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Why write?

Got a question/comment about the business of writing or about the publishing industry? Here's your place to post it!
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MLE (Emily Cotton)
Bibliomaniac
Posts: 3562
Joined: August 2008
Interest in HF: started in childhood with the classics, which, IMHO are HF even if they were contemporary when written.
Favourite HF book: Prince of Foxes, by Samuel Shellabarger
Preferred HF: Currently prefer 1600 and earlier, but I'll read anything that keeps me turning the page.
Location: California Bay Area

Post by MLE (Emily Cotton) » Sun March 4th, 2012, 7:38 pm

I don't know about 'the worlds writers create'. In my case, half of my urge to write is because it gives me an excuse to research reality. I learn about history, and as a trainer, I am always looking for cause and effect, the domino chain of events that eventually led up to the world we now live in.

Studying history makes me an optimist. Despite the basic nature of man, mankind really IS getting better. I support NGOs in areas of the world where the 16th century is still alive and ill, but those corners are no longer the whole world, and most countries with the worst practices are at least viewed with dismay by the rest of the world.

For instance, this month Iran is getting a lot of flak for executing a pastor because he refuses to convert to Islam. In the 16th century, execution for matters of religious conscience was routine everywhere. Or take Thailand, trying to downplay it's reputation as the child-sex capital of the world. In Greek and Roman times, this behavior was both accepted and encouraged. So you see, we are getting much better.

When I write about the micro-world that I have researched, I try to give a glimpse of better things coming, and how each little thing is part of the great journey forward.

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Justin Swanton
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Location: Durban, South Africa
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Post by Justin Swanton » Tue March 6th, 2012, 6:03 pm

[quote=""MLE""]I don't know about 'the worlds writers create'. In my case, half of my urge to write is because it gives me an excuse to research reality. I learn about history, and as a trainer, I am always looking for cause and effect, the domino chain of events that eventually led up to the world we now live in.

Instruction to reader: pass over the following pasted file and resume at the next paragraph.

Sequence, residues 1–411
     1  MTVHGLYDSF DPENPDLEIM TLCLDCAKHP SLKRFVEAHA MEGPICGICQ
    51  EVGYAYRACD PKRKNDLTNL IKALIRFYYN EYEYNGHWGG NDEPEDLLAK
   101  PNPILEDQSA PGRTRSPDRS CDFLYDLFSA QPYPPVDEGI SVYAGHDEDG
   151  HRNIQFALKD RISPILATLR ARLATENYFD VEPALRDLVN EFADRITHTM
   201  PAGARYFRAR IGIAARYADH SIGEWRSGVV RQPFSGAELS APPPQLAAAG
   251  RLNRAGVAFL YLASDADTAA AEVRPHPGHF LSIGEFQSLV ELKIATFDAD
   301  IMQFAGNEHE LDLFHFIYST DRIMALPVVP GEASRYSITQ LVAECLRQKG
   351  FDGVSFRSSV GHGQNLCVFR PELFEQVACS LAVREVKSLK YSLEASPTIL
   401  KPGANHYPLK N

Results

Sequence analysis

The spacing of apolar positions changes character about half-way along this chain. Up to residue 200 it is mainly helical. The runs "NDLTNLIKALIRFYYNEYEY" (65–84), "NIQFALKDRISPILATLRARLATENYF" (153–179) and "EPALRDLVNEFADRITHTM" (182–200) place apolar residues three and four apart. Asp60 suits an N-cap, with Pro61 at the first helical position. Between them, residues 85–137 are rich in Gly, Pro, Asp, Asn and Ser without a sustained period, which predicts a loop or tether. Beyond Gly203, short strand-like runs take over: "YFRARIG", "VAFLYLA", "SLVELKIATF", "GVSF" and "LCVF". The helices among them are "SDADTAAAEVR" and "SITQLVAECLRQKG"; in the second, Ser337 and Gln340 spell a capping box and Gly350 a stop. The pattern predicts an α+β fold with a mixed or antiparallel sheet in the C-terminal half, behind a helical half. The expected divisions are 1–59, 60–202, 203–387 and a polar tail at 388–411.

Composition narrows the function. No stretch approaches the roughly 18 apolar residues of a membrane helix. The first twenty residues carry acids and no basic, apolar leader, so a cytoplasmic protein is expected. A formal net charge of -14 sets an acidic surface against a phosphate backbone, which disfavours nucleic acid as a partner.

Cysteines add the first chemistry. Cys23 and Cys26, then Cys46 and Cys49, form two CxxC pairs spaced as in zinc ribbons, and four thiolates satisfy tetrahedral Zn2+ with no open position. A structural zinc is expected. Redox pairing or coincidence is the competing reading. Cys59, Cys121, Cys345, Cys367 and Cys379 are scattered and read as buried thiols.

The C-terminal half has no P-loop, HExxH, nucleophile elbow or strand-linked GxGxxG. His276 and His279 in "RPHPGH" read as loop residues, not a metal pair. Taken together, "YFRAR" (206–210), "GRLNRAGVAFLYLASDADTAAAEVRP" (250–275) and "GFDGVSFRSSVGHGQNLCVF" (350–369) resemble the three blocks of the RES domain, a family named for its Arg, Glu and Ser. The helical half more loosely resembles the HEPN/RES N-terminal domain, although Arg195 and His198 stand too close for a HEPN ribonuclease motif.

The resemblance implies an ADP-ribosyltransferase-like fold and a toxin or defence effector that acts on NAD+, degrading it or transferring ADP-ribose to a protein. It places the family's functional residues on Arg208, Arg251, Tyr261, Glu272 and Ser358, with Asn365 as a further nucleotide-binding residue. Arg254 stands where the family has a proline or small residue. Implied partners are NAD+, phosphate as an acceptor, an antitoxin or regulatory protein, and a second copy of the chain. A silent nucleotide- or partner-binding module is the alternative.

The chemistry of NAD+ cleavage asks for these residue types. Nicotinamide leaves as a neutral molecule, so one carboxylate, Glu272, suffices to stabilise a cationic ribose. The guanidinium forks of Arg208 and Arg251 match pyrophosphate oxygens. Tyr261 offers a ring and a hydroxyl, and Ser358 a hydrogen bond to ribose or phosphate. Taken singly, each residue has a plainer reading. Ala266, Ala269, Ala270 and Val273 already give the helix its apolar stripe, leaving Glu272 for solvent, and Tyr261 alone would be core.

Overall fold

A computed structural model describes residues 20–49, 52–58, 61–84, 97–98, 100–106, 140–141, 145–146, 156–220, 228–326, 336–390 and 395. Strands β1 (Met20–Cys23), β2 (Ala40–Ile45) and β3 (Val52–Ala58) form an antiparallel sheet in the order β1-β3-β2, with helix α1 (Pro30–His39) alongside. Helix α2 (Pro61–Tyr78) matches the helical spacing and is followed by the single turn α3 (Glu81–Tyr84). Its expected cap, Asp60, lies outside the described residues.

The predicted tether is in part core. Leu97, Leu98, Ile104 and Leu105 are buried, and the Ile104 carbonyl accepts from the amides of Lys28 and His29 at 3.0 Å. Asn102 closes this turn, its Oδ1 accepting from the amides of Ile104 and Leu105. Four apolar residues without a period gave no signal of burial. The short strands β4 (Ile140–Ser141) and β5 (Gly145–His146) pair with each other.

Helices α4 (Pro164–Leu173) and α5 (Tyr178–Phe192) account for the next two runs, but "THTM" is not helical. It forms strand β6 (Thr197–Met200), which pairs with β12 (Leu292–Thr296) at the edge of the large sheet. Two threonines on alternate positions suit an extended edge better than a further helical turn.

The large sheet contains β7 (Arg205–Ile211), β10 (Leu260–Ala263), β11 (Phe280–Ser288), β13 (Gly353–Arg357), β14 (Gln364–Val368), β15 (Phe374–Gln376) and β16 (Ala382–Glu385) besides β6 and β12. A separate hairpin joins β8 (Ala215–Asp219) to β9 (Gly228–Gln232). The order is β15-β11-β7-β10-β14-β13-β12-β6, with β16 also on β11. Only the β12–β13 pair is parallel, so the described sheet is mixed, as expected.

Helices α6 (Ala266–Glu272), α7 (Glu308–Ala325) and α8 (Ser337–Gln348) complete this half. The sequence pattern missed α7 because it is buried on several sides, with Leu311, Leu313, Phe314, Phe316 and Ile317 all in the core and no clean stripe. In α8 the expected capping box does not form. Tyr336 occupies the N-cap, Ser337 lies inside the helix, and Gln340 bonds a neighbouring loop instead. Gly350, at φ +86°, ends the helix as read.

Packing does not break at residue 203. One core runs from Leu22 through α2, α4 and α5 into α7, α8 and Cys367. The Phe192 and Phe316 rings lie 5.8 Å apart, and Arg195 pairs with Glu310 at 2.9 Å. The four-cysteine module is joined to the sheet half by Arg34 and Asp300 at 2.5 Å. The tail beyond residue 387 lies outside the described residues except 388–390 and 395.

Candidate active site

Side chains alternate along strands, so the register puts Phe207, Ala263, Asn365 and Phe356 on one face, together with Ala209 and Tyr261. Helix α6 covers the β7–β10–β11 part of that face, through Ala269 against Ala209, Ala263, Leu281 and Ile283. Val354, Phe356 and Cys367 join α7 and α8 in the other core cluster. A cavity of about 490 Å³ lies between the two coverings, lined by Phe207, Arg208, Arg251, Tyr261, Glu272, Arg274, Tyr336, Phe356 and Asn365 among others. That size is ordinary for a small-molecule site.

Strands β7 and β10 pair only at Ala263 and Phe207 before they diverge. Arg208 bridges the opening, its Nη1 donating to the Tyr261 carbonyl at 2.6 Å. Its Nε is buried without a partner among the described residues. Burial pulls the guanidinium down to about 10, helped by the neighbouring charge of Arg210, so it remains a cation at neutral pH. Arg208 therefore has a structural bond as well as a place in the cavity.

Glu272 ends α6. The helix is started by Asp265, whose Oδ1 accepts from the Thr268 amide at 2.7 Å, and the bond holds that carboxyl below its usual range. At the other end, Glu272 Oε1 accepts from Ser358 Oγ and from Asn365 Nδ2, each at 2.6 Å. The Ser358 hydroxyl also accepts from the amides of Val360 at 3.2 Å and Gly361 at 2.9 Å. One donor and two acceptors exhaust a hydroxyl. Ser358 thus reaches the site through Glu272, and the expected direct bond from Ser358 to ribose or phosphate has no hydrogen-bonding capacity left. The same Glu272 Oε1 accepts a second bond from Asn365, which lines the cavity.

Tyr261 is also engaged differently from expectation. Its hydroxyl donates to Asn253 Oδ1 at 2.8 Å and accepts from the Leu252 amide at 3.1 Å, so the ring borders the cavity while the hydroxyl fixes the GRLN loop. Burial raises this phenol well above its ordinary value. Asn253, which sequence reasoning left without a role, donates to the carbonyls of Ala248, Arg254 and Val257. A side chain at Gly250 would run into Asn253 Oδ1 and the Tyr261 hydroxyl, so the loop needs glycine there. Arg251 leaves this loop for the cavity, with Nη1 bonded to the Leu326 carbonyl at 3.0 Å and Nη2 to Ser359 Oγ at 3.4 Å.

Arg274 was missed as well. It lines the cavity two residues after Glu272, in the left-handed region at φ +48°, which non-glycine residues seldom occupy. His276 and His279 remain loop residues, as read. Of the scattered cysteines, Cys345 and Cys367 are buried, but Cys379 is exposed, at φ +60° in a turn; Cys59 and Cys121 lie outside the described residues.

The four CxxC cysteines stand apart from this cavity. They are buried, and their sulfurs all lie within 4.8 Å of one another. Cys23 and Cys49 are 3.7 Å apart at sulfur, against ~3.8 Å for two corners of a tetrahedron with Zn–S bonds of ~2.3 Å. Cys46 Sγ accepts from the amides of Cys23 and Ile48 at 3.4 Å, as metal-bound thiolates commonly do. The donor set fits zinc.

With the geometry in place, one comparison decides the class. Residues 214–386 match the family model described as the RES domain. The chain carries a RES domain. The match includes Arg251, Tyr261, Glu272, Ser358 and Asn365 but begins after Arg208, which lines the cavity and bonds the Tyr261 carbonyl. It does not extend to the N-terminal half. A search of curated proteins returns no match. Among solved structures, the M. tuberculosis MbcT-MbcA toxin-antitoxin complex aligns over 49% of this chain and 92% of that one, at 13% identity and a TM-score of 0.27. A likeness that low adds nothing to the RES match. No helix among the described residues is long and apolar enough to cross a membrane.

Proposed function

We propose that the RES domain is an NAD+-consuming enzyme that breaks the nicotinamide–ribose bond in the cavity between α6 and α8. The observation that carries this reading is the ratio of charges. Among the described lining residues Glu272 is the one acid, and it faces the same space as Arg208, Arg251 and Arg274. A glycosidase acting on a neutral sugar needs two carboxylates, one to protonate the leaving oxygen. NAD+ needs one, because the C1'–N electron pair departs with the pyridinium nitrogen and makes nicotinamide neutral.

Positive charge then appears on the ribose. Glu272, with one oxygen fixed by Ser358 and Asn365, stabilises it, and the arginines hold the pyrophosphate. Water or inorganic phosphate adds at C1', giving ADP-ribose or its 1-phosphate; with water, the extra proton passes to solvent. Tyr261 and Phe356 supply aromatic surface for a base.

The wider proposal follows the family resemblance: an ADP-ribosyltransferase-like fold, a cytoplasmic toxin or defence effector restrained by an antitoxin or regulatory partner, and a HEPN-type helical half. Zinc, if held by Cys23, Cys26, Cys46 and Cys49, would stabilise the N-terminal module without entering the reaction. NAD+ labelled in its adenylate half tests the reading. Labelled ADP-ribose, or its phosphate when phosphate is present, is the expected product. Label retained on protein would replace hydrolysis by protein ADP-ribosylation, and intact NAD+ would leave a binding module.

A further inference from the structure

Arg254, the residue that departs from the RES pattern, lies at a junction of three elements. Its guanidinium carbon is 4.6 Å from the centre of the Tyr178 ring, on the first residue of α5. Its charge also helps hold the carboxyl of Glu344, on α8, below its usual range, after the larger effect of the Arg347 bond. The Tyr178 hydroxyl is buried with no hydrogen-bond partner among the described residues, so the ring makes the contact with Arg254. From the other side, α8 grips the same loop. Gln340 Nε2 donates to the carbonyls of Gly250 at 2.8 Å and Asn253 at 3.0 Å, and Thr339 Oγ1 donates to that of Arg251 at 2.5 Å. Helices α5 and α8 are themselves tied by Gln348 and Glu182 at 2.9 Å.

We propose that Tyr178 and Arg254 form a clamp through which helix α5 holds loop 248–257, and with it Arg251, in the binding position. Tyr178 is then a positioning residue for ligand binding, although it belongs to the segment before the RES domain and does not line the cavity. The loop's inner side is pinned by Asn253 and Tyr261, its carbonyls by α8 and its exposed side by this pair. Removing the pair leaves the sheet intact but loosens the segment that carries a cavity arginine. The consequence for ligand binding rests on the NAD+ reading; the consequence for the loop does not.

Studying history makes me an optimist. Despite the basic nature of man, mankind really IS getting better. I support NGOs in areas of the world where the 16th century is still alive and ill, but those corners are no longer the whole world, and most countries with the worst practices are at least viewed with dismay by the rest of the world.

For instance, this month Iran is getting a lot of flak for executing a pastor because he refuses to convert to Islam. In the 16th century, execution for matters of religious conscience was routine everywhere. Or take Thailand, trying to downplay its reputation as the child-sex capital of the world. In Greek and Roman times, this behavior was both accepted and encouraged. So you see, we are getting much better.

When I write about the micro-world that I have researched, I try to give a glimpse of better things coming, and how each little thing is part of the great journey forward.[/quote]

The world is getting better?.....umm, I don't know. Contemporary vices are not those of the past, and vice versa, I'll grant that, but should a time traveller from the 16th century visit the present and survey the last 100 years of our history, what would he think? Colonial Imperialism (Heart of Darkness, Cry the Beloved Country), World War I, World War II, the Gulag, the Holocaust, the Cultural Revolution (unless we consider China a corner of the world), abortion, and so on.

We have had several decades of peace in the West, but I see no guarantee, other than a waning US military superiority, that that will last.

Re the 16th century, execution on religious grounds in the Renaissance era was not quite the bloodbath it is popularly portrayed. The Spanish Inquisition, for example, was a judicial process and kept meticulous records. In its 350 year history it executed less than 5000 people, about 14 a year. It needs to be born in mind that everyone at that time held that the moment a religious faith became numerically preponderant in a place, the government of that place had to uphold that religion exclusively, in other words, religious civil war. A rough contemporary parallel would be marxist guerrillas: they have a set of convictions, part of which involves taking active measures to make sure everyone else has them too. The Inquisition's job was to prevent the horrors of the German Thirty Years' war from reaching Spain. Its principle, admittedly imperfectly implemented, was that you could believe what you liked, but you could not propagate it.